Maybe Hilbert or someone can look into this from AMD itself because the original press release AMD definitely made it sound like there would be no hardware required + their current GPU's are capable. Like I said I'm inclined to believe in AMD over some random forum poster but I really don't know enough about monitors to say.
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Is that the same as Gsync?
It sounds more like an official version of what AMD announced as "Free-Sync" a few months back. They pointed out that VESA already incorporates most of what is required for this feature, without all of the specialized hardware and licensing fees that Nvidia's Gsync requires (somewhat unnecessarily it seems now). But yeah, the end result is Gsync features built into all devices conforming to VESA and displayport spec.
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Do you think VG248qe has 1.2a standard? I mean i will be ready for AMD Freesync?
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Do you think VG248qe has 1.2a standard? I mean i will be ready for AMD Freesync?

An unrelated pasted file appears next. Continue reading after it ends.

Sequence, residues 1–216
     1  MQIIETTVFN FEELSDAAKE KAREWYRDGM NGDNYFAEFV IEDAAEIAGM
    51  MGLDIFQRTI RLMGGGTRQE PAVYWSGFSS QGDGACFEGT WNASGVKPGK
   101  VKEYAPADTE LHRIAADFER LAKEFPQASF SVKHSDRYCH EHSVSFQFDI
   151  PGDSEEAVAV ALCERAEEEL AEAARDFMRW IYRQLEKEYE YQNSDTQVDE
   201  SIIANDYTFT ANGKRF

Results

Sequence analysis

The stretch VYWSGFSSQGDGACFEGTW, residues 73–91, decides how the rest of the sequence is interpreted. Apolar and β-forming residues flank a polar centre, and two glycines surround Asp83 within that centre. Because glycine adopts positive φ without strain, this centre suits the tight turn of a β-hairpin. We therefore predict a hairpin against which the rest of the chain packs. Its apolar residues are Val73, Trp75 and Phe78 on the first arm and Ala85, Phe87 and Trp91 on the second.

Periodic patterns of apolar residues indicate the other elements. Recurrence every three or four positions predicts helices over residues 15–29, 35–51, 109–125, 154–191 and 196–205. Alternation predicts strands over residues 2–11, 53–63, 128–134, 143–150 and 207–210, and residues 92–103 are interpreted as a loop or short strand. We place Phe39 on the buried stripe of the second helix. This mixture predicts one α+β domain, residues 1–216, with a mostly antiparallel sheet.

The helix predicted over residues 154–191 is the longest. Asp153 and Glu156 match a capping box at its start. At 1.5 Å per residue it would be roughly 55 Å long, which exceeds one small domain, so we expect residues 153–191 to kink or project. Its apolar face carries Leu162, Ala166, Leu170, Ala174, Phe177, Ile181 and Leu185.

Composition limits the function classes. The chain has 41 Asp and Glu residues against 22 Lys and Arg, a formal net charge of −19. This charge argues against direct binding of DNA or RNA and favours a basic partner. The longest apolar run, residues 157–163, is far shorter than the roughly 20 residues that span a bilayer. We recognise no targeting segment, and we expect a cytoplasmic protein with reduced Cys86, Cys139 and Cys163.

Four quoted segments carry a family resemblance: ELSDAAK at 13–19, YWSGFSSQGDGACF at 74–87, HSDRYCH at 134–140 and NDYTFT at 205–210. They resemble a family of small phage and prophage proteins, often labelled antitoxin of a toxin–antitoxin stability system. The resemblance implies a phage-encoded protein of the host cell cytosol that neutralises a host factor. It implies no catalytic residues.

No, not only does the 248QE not have 1.2a but now, from what i'm reading, freesync does require VBLANK support on the scalar chip. So it does technically require hardware although anyone can integrate it via ASIC chip as oppose to having to go through Nvidia. So Freesync monitors should be significantly cheaper. Although I have no idea if they will be better at doing what they are supposed to do or how the input lag would workout. So basically I guess this is how it goes: AMD Freesync Requirements - Monitor w/scalar chip with VBLANK support + Any Graphics card that supports it. Scalar chip can be ASIC (which is significantly cheaper than an FPGA) and it can be developed by anyone which should also drive down costs. Nvidia G-Sync Requirements - Nvidia supported GSync Monitor (FPGA implementation although Nvidia could eventually switch this to a ASIC implementation as well) + Nvidia graphics card that supports it. AMD's solution should be cheaper when it eventually comes out (it could be a while). Nvidia's solution should be upgradable in the future via firmware (why else would they use an FPGA?). One may be better than the other in terms of performance. Nvidia's FPGA carries some beefy hardware (ram and stuff) so I'm not sure what exactly it's doing but maybe it could lead to lower input lag. Dunno, until one of these companies discloses more stuff on what's going on it's like impossible to say.